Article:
So now that I’ve set the beer menu, phase two of development in the beer program at Tryst begins. This includes two major components: improved training for staff and regular draft beer line cleaning. This is some serious next level stuff we’re talking about here. My head is exploding with ideas and not nearly enough time work on them. This requires some critical analysis, but where to begin?
Keeping It Clean Kiddies
My first thought is to tackle the draft beer line cleaning. I can hold myself wholly accountable for this, so it seems like a logical next step. I’ve been trying to build a draft beer cleaning schedule for the rest of 2012. In doing my research, I thought … Continued
While perusing twitter for beer related nonsense I came across a very unique tweet. Courtney Cox (managing editor at BeerAdvocate) tweeted the fact that BeerAdvocate is looking for people to write a column in their magazine. I love BA’s attitude, they take their beer seriously and they’ve never been shy about letting everybody know that. For those that know me, I care less about offending people and more about getting down to reality. Why do you think my site is called DivineBrew? I’m opinionated.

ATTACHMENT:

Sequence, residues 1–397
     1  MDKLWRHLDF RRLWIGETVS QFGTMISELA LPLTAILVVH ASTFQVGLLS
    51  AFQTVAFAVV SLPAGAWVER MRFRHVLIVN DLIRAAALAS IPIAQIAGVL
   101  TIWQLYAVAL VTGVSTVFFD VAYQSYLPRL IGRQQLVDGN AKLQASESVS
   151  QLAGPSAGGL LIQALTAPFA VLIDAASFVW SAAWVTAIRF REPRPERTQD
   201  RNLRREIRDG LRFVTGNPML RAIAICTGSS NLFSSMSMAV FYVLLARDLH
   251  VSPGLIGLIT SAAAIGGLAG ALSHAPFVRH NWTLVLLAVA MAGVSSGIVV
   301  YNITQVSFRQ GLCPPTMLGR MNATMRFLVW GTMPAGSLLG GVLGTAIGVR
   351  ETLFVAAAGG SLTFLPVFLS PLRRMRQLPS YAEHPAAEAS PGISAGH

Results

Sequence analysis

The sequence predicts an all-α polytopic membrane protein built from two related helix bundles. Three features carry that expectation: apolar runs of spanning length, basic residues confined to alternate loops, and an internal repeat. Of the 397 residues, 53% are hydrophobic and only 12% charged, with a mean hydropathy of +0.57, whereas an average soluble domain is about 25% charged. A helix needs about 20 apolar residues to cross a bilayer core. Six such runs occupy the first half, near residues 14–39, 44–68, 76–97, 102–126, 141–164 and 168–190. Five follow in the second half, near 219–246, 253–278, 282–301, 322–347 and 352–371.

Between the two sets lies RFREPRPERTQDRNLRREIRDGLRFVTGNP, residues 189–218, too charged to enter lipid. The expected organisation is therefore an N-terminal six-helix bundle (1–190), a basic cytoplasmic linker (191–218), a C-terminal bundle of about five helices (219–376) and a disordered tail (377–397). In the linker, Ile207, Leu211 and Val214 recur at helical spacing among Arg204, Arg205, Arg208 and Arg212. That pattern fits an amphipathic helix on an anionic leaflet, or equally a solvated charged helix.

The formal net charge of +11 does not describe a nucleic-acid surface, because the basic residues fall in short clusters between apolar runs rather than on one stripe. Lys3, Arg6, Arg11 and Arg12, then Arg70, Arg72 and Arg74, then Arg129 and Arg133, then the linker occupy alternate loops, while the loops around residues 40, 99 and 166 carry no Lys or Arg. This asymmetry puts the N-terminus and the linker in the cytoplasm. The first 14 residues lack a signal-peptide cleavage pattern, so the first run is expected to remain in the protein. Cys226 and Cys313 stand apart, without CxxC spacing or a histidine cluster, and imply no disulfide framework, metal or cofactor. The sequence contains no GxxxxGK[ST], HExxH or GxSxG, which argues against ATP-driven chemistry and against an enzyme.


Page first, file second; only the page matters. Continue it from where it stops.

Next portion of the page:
Why I Need a BeerAdvocate Column
Well I wrote my pitch to email@example.com and I certainly hope that entices them. However, a pitch isn’t that great until they get a working of idea of what … Continued
Re-frig-er-ate [ri-frij-uh-reyt]; to make or keep cold or cool, as for preservation. Synonyms: freeze, ice, cool, cold 
Just wanted to make sure I understand the intent of refrigeration. Sounds like dictionary.com believes it is for keeping stuff pretty cold. Refrigeration is an amazing technology and it has been significant to Brewers throughout history. Randy Mosher wrote Tasting Beer which is an essential book for any service/sales professional to read. I’ve posted an excerpt from his chapter on The Lager Family below.
“In the 1870s… machine-made bottles and refrigeration allowed brewers to make and sell a beer that was pale, fizzy, and designed to be enjoyed ice-cold.” 
Thank you for the history and style lesson Mr. Mosher. When you … Continued